alexa Incorporation of a Balloon-Cushion Stenting Technique into the Culotte Stenting Technique in Left Main Coronary Artery Bifurcation Interventions | OMICS International
ISSN: 2155-9880
Journal of Clinical & Experimental Cardiology

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Incorporation of a Balloon-Cushion Stenting Technique into the Culotte Stenting Technique in Left Main Coronary Artery Bifurcation Interventions

Po-Ming Ku1,2, Tsuei-Yuen Huang1, Zhih-Cherng Chen1,2, Max Woo3 and Jui-Sung Hung4*
1Section of Cardiology, Chi-Mei Medical Center, Tainan, Taiwan
2Chia Nan University of Pharmacy & Science, Tainan, Taiwan
3Section of Cardiology, Chi-Mei Hospital, Liu-Yin Campus, Tainan, Taiwan
4Division of Cardiology, China Medical University, Taichung, Taiwan
Corresponding Author : Jui-Sung Hung, MD
Division of Cardiology
China Medical University
Taichung, Taiwan
Tel: 886-4-22052121
Fax: 886-4-22038883
E-mail: [email protected]
Received November 10, 2012; Accepted December 04, 2012; Published December 06, 2012
Citation: Ku PM, Huang TY, Chen ZC, Woo M, Hung JS (2013) Incorporation of a Balloon-Cushion Stenting Technique into the Culotte Stenting Technique in Left Main Coronary Artery Bifurcation Interventions. J Clin Exp Cardiolog 4:230. doi:10.4172/2155-9880.1000230
Copyright: © 2013 Ku PM, et al. This is an open-access article distributed under the terms of the Creative Commons Attribution License, which permits unrestricted use, distribution, and reproduction in any medium, provided the original author and source are credited.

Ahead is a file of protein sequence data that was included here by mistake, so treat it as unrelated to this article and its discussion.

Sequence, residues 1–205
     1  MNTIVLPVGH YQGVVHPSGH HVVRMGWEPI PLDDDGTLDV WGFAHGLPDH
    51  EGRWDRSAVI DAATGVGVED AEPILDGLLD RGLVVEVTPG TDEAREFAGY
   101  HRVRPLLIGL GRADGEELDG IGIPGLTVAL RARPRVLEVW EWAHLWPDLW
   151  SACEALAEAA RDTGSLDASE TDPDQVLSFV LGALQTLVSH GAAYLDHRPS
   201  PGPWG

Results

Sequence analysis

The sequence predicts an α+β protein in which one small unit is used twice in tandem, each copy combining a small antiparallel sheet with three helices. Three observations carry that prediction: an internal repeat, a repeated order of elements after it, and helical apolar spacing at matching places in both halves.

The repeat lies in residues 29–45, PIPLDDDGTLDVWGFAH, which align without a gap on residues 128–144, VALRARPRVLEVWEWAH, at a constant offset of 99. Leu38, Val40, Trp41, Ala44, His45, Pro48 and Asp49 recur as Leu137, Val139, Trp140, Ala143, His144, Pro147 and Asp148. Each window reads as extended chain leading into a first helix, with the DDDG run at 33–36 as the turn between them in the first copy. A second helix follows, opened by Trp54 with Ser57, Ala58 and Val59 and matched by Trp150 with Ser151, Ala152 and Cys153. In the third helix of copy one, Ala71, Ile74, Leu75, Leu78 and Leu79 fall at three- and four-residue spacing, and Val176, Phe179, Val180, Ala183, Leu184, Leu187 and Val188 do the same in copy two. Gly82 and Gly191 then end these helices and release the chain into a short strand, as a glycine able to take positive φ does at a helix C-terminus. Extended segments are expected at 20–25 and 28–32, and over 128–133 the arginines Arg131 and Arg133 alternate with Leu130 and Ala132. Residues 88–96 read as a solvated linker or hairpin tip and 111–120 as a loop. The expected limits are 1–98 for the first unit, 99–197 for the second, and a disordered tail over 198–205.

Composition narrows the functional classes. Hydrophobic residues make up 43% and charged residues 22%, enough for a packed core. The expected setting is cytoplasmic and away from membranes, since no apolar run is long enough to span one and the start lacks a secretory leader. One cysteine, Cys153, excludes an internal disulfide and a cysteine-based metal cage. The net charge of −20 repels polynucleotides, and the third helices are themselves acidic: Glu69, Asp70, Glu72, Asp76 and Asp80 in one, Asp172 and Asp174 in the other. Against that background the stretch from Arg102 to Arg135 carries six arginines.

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Abstract

Background: Percutaneous coronary intervention (PCI) for a left main coronary artery (LMCA) with its distal bifurcation lesions remains a challenge. Acute sidebranch occlusion after main branch stenting can potentially lead to catastrophic events. Here we describe a novel balloon-cushion stenting technique to be incorporated into the culotte stenting technique for true LMCA bifurcation lesions to prevent acute sidebranch occlusion. Methods and Results: 1) Predilatation with 2 balloons with kissing for better sidebranch preparation. 2) Balloonstent simultaneous kissing inflation, with a stent in the dominant artery and a 1.5/20 mm balloon from LMCA to the sidebranch. 3) After the stent deployment, a Crusade microcatheter was introduced via wire in the dominant vessel for wire re-crossing of the stent strut. The standard culotte technique and final kissing balloon inflation were then performed. Twelve patients were treated with this balloon-cushion stenting technique (Group A) and 18 patients with the conventional double-stent techniques (Group B). One case of acute sidebranch occlusion occurred in Group B. The amount of contrast medium and procedural time did not differ statistically between the 2 groups. Conclusions: The present study suggests that incorporation of the balloon-cushion stenting technique into the culotte stenting technique for LMCA bifurcation intervention is feasible and effective in avoiding acute sidebranch occlusion.